Comodo database glitch causes billing problems
Enter the snag-dragon
Updated While the rest of the world had its eyes firmly on the WannaCrypt outbreak, digital certificate firm Comodo suffered an unrelated but protracted database problem that affected its billing systems.
The Register learned of the issue from reader Ian Barber who came across the problem in the process of getting a new SSL certificate from Comodo activated last Friday. "It appears that Comodo having some issues. The scary bit is where they say they have restored to a database nine days old," he told El Reg in reaction to an emailed alert on the issue he received from Comodo – an extract of the missive below:
We regret to say that, due to a database system error, Comodo’s CA license database is having to be being restored. The initial restore has already taken place and all orders placed before 03-May-2017 12:19:52 UTC are being correctly managed.
Some orders placed after 03-May-2017 12:19:52 UTC may not be obtainable. We are currently working on resolving this. We do understand your situation. We sincerely apologize for the inconvenience caused.
The day before (on Thursday) a digital certificate reseller had noted an "unscheduled outage" of of Comodo's CA (certificate authority) billing service because of database problems.
In response to queries from El Reg, Robin Alden, Comodo’s chief technical officer, offered a detailed explanation of what had gone down. He said that although "Comodo has a generally good track record of minimizing unscheduled maintenance" it had issues with its billing systems that are yet to be fully resolving, adding that the operation of the certificates themselves was unaffected by the snafu.
Late last week, we identified an issue with a database that deals with Comodo’s orders and billing for the certificates and some related services.
Multiple errors in a 24-hour period had rendered the database corrupt.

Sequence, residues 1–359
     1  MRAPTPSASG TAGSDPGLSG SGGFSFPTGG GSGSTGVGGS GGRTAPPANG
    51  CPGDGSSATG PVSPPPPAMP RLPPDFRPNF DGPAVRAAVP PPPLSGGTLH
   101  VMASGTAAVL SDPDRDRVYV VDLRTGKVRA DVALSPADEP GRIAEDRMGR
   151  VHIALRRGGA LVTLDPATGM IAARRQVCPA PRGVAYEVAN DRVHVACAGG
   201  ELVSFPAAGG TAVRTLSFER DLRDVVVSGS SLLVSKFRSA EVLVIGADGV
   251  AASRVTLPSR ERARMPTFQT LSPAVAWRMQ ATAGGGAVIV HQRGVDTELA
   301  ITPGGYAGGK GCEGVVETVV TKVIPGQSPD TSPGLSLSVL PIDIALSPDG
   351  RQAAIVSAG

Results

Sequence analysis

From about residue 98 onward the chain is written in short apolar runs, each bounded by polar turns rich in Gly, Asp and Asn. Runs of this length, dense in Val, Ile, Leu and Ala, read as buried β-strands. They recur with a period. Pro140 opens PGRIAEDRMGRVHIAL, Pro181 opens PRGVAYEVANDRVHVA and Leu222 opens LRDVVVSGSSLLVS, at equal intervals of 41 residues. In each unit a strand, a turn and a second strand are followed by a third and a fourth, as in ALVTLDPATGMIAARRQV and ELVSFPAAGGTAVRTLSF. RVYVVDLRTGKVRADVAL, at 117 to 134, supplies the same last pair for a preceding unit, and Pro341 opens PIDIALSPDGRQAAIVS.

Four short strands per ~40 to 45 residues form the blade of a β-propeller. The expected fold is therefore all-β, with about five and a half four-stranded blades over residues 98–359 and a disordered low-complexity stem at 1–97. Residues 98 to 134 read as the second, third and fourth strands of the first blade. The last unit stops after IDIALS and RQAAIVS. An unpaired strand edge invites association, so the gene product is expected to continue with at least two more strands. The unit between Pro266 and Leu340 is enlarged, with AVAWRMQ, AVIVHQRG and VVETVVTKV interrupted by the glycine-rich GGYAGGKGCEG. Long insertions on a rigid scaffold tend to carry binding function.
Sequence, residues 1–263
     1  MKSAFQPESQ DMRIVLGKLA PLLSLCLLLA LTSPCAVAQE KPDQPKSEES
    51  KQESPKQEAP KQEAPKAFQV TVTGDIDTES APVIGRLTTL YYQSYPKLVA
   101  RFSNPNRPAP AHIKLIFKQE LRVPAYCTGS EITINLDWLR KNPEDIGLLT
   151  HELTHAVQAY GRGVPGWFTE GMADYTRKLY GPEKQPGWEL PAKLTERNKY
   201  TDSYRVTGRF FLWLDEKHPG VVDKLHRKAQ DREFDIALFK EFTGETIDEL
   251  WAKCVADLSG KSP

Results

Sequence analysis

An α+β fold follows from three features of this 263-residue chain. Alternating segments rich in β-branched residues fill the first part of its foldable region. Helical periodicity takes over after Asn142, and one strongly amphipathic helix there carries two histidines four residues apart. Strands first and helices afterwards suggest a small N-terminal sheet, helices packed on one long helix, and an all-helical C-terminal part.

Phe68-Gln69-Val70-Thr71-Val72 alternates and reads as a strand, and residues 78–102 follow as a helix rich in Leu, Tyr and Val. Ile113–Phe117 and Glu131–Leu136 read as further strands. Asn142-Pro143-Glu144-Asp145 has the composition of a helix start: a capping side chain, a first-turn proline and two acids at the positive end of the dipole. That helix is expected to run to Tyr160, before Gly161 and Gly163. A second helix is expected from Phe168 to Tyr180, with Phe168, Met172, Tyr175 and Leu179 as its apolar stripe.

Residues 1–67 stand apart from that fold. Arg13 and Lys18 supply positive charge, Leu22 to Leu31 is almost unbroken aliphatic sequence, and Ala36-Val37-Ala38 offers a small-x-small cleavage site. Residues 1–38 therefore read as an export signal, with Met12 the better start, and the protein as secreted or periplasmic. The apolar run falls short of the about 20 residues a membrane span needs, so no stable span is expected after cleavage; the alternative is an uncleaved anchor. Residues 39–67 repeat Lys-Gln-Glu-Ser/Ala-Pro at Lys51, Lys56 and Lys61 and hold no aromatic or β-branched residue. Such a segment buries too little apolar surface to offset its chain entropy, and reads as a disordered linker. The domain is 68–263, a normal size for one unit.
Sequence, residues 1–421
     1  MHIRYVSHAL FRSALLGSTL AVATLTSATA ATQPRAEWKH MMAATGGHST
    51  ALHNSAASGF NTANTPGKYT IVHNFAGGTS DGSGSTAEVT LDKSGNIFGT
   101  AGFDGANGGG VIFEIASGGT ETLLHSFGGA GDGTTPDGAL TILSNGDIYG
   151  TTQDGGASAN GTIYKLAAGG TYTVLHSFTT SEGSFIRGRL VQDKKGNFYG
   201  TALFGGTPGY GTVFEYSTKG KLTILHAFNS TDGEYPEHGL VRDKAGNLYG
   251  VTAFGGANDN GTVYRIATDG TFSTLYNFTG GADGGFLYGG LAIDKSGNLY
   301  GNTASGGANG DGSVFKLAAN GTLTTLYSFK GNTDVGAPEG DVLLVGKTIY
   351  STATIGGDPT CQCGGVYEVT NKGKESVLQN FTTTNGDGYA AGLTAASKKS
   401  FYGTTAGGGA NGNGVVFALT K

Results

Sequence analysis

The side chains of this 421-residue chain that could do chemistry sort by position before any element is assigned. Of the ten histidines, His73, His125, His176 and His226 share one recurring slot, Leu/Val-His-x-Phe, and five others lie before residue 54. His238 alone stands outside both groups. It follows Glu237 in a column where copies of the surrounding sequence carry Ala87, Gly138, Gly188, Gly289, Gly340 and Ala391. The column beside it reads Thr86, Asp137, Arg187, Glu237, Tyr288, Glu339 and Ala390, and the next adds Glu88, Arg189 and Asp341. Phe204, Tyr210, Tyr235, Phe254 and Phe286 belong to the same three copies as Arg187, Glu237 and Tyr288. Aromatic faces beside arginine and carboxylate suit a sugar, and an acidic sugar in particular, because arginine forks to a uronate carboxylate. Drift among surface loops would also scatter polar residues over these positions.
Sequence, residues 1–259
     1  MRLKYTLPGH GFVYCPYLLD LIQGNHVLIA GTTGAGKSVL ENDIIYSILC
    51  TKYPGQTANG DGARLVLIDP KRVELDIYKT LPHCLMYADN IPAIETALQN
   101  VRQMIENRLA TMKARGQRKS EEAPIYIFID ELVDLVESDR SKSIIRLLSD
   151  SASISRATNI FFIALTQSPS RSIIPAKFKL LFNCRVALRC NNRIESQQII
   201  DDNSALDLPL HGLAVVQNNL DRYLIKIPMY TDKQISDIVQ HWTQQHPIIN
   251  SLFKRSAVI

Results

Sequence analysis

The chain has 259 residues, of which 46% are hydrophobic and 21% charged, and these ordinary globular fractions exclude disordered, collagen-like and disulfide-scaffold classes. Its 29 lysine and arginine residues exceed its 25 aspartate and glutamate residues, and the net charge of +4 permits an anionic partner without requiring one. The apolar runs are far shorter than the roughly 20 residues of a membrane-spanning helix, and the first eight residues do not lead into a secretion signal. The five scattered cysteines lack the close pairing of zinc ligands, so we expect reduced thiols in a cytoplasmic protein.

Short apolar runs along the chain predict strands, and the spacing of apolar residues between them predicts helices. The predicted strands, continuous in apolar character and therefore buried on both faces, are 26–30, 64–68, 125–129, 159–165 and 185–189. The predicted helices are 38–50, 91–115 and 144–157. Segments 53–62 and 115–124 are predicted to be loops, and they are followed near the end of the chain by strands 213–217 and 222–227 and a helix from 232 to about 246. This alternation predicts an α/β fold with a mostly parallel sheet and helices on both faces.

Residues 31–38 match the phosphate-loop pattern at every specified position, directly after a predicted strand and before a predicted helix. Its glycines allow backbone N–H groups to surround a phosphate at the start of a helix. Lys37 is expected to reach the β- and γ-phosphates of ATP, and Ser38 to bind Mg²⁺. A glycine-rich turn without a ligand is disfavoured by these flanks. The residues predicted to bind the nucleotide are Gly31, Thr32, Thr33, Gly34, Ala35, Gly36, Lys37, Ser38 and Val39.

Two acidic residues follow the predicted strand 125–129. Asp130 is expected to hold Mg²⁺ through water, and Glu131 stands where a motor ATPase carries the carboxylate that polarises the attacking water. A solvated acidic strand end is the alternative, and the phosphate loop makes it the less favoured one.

It took a couple of iterations of restoring from backups to get the database working again.
The certificates themselves are present in multiple systems, so they are never lost.
Our ordering and billing system was unavailable for about 20 hours.
When the ordering and billing service was restored, there were some data gaps remaining due to the nature of the restoration. We are still backfilling that data, and some customers were unable to self-manage the lifecycle of some recently issued certificates. We regret the inconvenience of customers having to use our support services to manage lifecycles in some cases.
We anticipate that the backfill will be completed within the next 24 hours.
We apologize to our customers for any inconvenience this service interruption may have caused. Obviously, any service outage at all is too many.
El Reg had follow-up questions about how many Comodo customers were affected by this issue and what effect will they have seen. Comodo's PR acknowledged our query on these points but we had yet to hear back from the US-based computer security firm at the time of publication.
We'll update this story once we hear more. We passed Comodo's response back to Barber who had his own queries about how often the firm runs backups and how much data was lost because of its recent problems. ®
Updated to add
Robin Alden, Comodo's chief technical officer, has been in touch to say:
We have mirroring capability, which means things are backed up instantly. We also have daily backup on top of mirroring. The issue was that the bug affected the mirroring system as well. Hence, we had to go back to daily backups. These types of database bugs are not like computer crashes. They build up over time. So we had to go back to a time where the database was free of this bug.
The database that holds information on who paid what and when is not related to the ‘certificate database.’ No data was lost there.
There are many sources of data that are enabling us to rebuild the licensing database. It is just an annoyance and will take time, as things have to be carefully checked.
This issue only affects financial records in our licensing system, which could be considered at best as a ‘very low level delay’ to financial records.
There is no connection to WannaCry.